It isn’t noticeable if you erase a few pounds that the camera adds on anyway. But, if you transform a known size 8 celebrity into a size 2, that’s a completely different story. Take Kim Kardashian, who is frequently either complimented or scrutinized for her endowed backside. In its April 29th, 2009 issue, Life & Style features an allegedly 100% “un-retouched” cover photo of Kim in a bikini, saying in huge font: “I have cellulite, so what!” Kim mentions the scandal about her obviously re-touched cellulite in the pictures for the April-May 2009 issue of Complex Magazine. Life & Style also directly inserted the Q&A into the article, asking “Why does everyone attack your size?” and “Why are you so open about your body?” Do these questions imply that everyone insults her body and that she’s too big to be open about with her body? Sure, maybe these were just honest questions without those intentions, but many may not feel it’s ethical for a journalist to ask those types of questions in an interview.
Even more critically, according to a January 10th, 2003 article on the Hello Magazine website, Kate Winslet admits herself she was photoshopped to look thinner on the cover of GQ. “What is sexy?,” Winslet asks. “All I know from the men I’ve ever spoken to is that they like girls to have an arse on them. So, why is it that women think in order to be adored, they have to be thin?” GQ’s magazine editor attempted to justify this alteration, by claiming Kate Winslet lost weight so the editing wouldn’t matter anyway. Kate disagrees. “I can tell you they’ve reduced the size of my legs by about one-third.”
What’s even more insulting are feature articles filled with pictures of celebrities stripped to their bikinis, ready to be slandered and “ranked best to worst.” Star Magazine’s August 11th, 2008 issue, “Summer Weight Winners and Losers,” sends mixed messages as to what looks good and what doesn’t. For example, even though she looks less toned, Eva Longoria is harshly criticized for a “flabby stomach and butt” (47). Yet, they applaud a “healthier” 128-lb Jennifer Aniston (42), who is still 11 lbs heavier than Eva. Eva and Jennifer are approximately the same size and height, so it isn’t sensible or ethical to compliment Jennifer and insult Eva.
The largest devotion to the female body I’ve seen here is Star Magazine’s 30-page tribute on “Winter Beach Bods” in their January 5th, 2009 issue. Again clad in their bikinis, these stars are called on by the magazine as “the good, bad, and the ugly.” Star even compares Tara Reid’s need for alcohol rehabilitation with her “need” to “get help for that sagging booty” (51). This remark is especially insensitive, considering Tara got breast implants and liposuction, due to body insecurities reinforced by the media. Star Jones was pointed out on wearing a white bikini that flaunted her scars from gastric bypass surgery (58). Tiny girls - like Anna Lynne McCord and Miranda Kerr - acquired rave reviews for their bikini bodies: Miranda Kerr being awarded “best model moves” (56) and Anna Lynne McCord “best Beverly Hills bod” (58).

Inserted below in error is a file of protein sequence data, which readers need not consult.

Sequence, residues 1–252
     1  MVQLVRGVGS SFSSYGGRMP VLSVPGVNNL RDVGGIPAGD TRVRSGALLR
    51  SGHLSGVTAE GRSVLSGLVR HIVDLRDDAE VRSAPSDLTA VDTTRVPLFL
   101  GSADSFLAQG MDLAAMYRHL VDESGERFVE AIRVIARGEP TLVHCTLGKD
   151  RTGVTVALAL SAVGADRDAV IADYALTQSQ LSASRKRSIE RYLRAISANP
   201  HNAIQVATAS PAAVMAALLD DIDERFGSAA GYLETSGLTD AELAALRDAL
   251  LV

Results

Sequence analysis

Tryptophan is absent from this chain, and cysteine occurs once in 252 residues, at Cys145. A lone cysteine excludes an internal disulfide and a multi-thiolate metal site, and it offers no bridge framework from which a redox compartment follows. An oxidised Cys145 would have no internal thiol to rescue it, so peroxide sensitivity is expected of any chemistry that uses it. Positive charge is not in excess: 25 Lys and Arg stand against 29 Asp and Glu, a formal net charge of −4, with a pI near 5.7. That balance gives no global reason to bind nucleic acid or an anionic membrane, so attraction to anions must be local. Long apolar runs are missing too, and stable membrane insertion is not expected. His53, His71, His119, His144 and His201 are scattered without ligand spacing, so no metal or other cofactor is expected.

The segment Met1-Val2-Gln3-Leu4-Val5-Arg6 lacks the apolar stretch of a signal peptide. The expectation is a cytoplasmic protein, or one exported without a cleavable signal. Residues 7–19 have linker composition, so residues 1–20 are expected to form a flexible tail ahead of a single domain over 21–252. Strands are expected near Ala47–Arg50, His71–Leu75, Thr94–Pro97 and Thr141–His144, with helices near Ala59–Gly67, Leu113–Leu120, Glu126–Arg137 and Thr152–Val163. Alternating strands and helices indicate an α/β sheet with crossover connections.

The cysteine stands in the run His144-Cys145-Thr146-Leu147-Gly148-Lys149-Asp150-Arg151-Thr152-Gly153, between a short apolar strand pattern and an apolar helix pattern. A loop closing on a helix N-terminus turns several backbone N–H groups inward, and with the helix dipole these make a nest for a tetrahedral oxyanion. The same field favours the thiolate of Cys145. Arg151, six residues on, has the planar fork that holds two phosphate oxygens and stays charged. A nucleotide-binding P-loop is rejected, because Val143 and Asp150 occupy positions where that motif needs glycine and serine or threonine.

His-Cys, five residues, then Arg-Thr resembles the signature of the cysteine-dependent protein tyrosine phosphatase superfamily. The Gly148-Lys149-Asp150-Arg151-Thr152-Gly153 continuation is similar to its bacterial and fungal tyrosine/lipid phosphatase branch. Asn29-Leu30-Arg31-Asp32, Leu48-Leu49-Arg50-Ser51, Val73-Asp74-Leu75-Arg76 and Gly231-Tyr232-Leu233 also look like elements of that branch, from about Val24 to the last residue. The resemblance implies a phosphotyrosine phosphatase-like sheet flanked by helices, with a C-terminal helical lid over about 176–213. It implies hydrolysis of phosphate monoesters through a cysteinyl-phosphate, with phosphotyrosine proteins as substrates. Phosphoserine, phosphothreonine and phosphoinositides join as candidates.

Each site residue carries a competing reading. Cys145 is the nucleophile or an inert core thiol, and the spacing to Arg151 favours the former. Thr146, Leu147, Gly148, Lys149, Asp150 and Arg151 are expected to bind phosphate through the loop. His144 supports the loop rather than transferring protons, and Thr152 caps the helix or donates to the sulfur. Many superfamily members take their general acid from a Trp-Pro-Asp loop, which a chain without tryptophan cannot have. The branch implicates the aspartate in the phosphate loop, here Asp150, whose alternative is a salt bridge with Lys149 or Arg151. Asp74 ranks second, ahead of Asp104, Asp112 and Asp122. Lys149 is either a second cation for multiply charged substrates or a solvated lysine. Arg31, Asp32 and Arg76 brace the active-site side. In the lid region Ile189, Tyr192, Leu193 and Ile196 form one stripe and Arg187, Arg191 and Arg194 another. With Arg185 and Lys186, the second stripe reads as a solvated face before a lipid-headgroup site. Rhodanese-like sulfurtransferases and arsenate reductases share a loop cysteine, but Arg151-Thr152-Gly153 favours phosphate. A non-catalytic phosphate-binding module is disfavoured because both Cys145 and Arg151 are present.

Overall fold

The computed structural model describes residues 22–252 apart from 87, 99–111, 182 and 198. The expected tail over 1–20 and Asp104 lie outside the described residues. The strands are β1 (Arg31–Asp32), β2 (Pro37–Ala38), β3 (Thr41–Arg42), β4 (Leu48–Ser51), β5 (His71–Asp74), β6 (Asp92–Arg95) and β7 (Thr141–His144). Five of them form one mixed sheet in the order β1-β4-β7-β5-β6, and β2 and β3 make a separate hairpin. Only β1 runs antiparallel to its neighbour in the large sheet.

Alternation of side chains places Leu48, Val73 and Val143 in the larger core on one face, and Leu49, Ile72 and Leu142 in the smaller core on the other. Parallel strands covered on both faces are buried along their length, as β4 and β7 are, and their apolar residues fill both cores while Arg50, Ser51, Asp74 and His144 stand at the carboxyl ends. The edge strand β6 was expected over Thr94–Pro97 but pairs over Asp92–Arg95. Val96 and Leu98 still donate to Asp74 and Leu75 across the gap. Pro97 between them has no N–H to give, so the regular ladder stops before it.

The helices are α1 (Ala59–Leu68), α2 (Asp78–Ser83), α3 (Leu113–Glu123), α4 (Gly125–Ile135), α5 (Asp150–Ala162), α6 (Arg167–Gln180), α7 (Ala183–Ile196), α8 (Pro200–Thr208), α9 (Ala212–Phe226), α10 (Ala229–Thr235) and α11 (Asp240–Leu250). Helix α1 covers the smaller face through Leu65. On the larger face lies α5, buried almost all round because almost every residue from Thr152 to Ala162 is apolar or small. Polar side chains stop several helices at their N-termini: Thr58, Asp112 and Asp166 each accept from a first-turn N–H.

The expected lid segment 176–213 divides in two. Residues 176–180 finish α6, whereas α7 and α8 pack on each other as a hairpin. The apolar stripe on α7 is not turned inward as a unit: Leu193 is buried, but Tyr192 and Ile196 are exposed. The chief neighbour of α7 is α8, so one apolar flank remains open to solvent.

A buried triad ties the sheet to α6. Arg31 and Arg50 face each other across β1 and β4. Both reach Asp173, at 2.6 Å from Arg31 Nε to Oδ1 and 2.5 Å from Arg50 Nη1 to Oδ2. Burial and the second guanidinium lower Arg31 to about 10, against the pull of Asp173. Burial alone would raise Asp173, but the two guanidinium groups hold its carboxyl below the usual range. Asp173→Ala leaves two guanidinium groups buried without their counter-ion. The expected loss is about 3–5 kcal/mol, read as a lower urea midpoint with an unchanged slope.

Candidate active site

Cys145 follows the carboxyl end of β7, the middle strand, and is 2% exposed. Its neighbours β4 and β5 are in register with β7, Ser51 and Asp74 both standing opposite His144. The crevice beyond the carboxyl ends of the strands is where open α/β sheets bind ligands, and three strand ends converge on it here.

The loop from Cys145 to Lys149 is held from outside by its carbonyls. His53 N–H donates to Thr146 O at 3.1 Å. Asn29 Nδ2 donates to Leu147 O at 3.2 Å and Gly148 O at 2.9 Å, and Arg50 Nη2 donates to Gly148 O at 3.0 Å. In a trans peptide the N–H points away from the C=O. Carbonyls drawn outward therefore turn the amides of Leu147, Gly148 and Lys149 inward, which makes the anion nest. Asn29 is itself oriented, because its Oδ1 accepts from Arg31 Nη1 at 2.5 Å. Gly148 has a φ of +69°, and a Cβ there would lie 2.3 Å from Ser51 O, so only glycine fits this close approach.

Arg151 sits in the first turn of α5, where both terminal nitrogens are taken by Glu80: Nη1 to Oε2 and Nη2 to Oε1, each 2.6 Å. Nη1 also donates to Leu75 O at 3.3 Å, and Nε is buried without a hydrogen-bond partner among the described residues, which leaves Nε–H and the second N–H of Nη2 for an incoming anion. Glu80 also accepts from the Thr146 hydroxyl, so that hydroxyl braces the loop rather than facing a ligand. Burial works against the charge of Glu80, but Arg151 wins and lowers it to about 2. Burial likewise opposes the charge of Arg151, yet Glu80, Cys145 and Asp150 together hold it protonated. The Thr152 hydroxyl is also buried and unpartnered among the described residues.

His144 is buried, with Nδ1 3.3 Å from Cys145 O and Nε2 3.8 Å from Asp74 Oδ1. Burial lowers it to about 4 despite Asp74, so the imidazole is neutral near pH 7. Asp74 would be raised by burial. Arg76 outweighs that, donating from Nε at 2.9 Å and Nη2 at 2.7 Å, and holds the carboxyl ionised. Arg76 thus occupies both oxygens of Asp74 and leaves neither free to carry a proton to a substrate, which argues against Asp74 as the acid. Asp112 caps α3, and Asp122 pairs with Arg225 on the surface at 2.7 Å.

In “Workouts that Work,” Star explains fitness regimens of stars like Britney Spears and Jessica Simpson. Saying “Britney is working hard to get back into her old sexy shape” is suggesting Britney’s slightly heavier shape wasn’t sexy (64). In “Here’s the Skinny!” - assessing what “impossibly thin celebs really eat” - the Star contradicts what magazines try to sell in their ads and services: ideas that we need to lose weight, when some of us don’t. Again, the definition of “curvaceous-ness” is skewed here. The Star considers Rihanna - who they even write has a “size 2 waistline” - to be “curvaceous (68).” A size 2 is maybe slightly curvaceous, and by saying a size 2 woman is curvaceous enough to be categorized as “curvaceous” is implying those who are larger than a size 2 are not only curvaceous, but overweight or obese. Even if they meant “curvaceous” in a good way, what would “thin” enough be in this context, even though Rihanna is in an article that classifies her as an“impossibly thin” celeb?
In Touch Weekly’s April 28th, 2008 issue includes an article called “Their Bodies Look Better than Ever,” which compares celebrities’ old bodies to their newer versions. They deemed Ashley Olsen’s previous frame “boyish” and Mel B’s new toned physique “voluptuous” (73), which are also negative, inaccurate words used by the journalist to describe something as serious an issue as the female body. In Touch also establishes present that Hilary Duff fluctuated past between extremes of too thin and too “big,” saying “the teenager still had a bit of baby fat in 2004” (76). This statement leads to another issue magazines have criticizing celebrity bodies, especially when those celebrities are still young or pregnant. Of course, in those cases, they would carry extra weight! They’re only human!
Finally, in Star Magazine's December 7, 2009 issue, they evaluate “winter beach bods” again, calling ex-Baywatch babe Nicole Eggert’s thicker physique one of the “worst bodies” this winter (53).
Celebrities deserve more privacy; if gossip magazines expose their bodies in slinky bikinis, it could either make or break a star's career. Looks matter, and an actress’s weight can affect whether they she gets a role in a movie or not. With this coverage of the female body - in consideration of photoshop, men’s magazines, and juxtapositions of curvier and skinnier bodies - it’s no wonder we’re confused as to what the media is saying about women and what they should look like. But, it tells people who don’t look a certain way a lie - that they’re less worthy - and that’s the most unethical thing of all.
“Here’s the Skinny!” Star Magazine 5 January 2009: 68-71. Print.
“Holiday Beach Bodies: Best & Worst.” Star Magazine 7 December 2009: 52-60. Print.
“Life & Style Exclusive: Kim Kardashian: ‘I have cellulite, so what!’” Life& StyleMag.
Com 29 April 2009: 1-2. Online.
“Retouching is ‘Excessive,’ Says Slimline Covergirl Kate Winslet.” HelloMagazine.Com
10 January 2003: 1. Online.
“Sarah Jessica Parker Hurt by Maxim Poll Calling Her ‘Unsexiest Woman Alive’.” Fox
News.Com 20 March 2008: 1. Online.
“Summer Weight Winners & Losers.” Star Magazine 11 August 2008: 40-47. Print.
“Their Bodies Look Better Than Ever!” In Touch Magazine 28 April 2008: 72-76. Print.
“What Kind of Body Do You Like?” US Weekly 2 June 2008: 86-87. Print.
“Winter Beach Bods.” Star Magazine 5 January 2009: 50-61. Print.
“Workouts That Work.” Star Magazine 5 January 2009: 64-66. Print.